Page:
This week we share a blog post written by Melanie Ehren and Nick Wollaston. Originally published on the IOE London Blog, of University College London, this blog is part of a Nuffield foundation funded research project Dr. Ehren coordinates. The research looks at the Key Stage 2 test in mathematics in England and how the test affects teaching of primary mathematics. The test is administered in year 6 (end of Primary school) and is considered to be high stakes as schools performing below the floor standard are monitored by Ofsted (the Inspectorate of Education), face potential forced academization, and test outcomes are used in (teachers’ and head teacher’s) performance management reviews. The test has undergone changes this year to reflect the new national curriculum, and the researchers have asked teachers (after the administration of the new test) how they are changing their teaching in response to the changes in the test. More info on the project (and a broader introduction) is on the website: www.highstakestesting.co.uk
Here we share the blog post in full. To read the post on the IOE London Blog, click here.
Life after levels: is the new Year 6 maths test changing the way teachers teach?
Earlier this month (5 July), the Department for Education published the results of the Key Stage 2 test for 10 and 11-year-olds. The publication was awaited with more anxiety than usual as this year’s test was the first one on the new national curriculum. One of the major changes in the test is the removal of the ‘old’ national curriculum levels 3, 4 and 5, where children were expected to reach at least a level 4. The level 6 paper for the most able children has also gone and results are now reported as ‘scaled scores’. Each pupil now has to achieve at least a score of 100 to reach the expected standard. It seems like a minor change with little impact on how teachers teach mathematics and prepare children for the test, but recent findings from our Nuffield-funded study suggest otherwise.
We interviewed 30 Year 6 teachers in schools performing both below and above the floor standard in Mathematics. Interviews took place prior to the changes in the test in May/June 2015, and again after the changes in the test in May/June 2016. In the interviews in 2015, levels were one of the key topics teachers talked about when we asked them about notable features of the test that would inform their teaching. They explained how each of the two written Maths test papers would start with easy level 3 questions, have level 4 questions in the middle and finish with the difficult level 5 items at the end. This order of questions according to difficulty level would allow the lower attaining children to access the test, according to these teachers, and would build their confidence in answering the questions and their motivation to do well on the test. Teachers tell us in the second round of interviews, how all the questions are now ‘at level 5’ and how some of their lower attaining children stared at them in horror when opening their test booklet, asking them where the easy questions had gone.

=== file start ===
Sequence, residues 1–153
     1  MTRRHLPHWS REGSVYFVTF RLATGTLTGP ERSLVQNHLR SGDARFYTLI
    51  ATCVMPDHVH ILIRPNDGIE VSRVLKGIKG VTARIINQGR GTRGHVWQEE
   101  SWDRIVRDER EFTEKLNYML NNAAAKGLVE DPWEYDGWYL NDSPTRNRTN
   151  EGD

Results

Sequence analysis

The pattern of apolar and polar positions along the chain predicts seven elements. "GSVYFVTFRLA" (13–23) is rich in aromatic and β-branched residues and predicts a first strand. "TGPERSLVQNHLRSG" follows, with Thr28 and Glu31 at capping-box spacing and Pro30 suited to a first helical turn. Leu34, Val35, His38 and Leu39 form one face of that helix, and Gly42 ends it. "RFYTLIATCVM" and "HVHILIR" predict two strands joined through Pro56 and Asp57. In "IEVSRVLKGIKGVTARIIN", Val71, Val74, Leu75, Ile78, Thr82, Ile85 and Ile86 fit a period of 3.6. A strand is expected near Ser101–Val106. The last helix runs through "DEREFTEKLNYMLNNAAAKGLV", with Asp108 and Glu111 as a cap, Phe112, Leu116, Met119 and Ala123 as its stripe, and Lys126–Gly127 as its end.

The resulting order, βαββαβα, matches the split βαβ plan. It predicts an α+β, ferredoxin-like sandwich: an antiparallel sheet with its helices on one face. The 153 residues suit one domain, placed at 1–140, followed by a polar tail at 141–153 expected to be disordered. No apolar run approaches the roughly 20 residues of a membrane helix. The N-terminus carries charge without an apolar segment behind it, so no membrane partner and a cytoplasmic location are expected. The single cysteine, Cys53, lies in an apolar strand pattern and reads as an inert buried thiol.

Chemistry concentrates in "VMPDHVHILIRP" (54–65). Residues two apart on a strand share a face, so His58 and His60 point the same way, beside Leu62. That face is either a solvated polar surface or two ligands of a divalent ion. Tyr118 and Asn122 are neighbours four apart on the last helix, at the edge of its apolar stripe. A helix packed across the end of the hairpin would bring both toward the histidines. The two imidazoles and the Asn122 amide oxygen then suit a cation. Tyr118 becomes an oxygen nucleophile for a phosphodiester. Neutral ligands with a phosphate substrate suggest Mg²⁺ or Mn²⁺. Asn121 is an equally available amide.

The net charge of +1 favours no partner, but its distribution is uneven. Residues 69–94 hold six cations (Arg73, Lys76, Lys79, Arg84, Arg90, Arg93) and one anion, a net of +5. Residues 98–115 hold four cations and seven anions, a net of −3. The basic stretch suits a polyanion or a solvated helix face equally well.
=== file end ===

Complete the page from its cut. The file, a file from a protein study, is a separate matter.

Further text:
Not only does the abolition of levels seem to have an impact on children’s motivation and confidence in test taking, it also appears to have a profound impact on how teachers come to understand and teach mathematics. Prior to the introduction of scaled scores, teachers would talk about gradually building up the level of difficulty when teaching specific mathematical content areas, such as ‘number sense and calculation’, ‘data handling’ or ‘shape and space’. Level 3, 4 and 5 test items on past Key Stage 2 test papers would help them understand the hierarchical nature of mathematics and how to introduce children to, for example, increasingly more difficult calculations (e.g. moving from one step to multistep problems, or from adding and subtracting whole numbers to adding and subtracting decimals). Resources such as Test Base would allow them to access available questions according to content area and difficulty level and they could simply download relevant questions when teaching a specific skill. Now that the levels have been removed, some of the teachers tell us that they just focus on getting all students to perform at level 5 in number and calculation as this is where most of the marks on the test are given and some hardly teach shape and space at all. These teachers also talk about moving towards a more ‘mastery style’ of teaching where they ensure that all students master the basics before they move on to teach more complex skills or other (more complex) content domains, such as algebra or geometry.
It is too early to know how widespread these changes are and the effect they will have on children’s understanding of mathematics. Our study, however, indicates that we need to keep a close eye on the breadth and depth of what our children are learning as some of these changes may be masked by an average single test score.
 A pupil’s scaled score is based on their raw score. The raw score is the total number of marks a pupil scores in a test, based on the number of questions they answered correctly. The Standard and Testing Agency develops tests each year to the same specification, but because the questions must be different, the difficulty of tests may vary slightly each year. This means that the raw scores pupils get in the tests need to be converted into a scaled score to be able make accurate comparisons of pupil performance over time. Every scaled score will represent the same level of attainment for a pupil each year, so a pupil who scores 103, for example, in 2016 will have demonstrated the same attainment as a pupil who scores 103 in 2017. A scaled score of 100 will always represent the expected standard on the test. Pupils scoring 100 or more will have met the expected standard on the test. In 2016, panels of teachers set the raw score required to meet the expected standard on each test.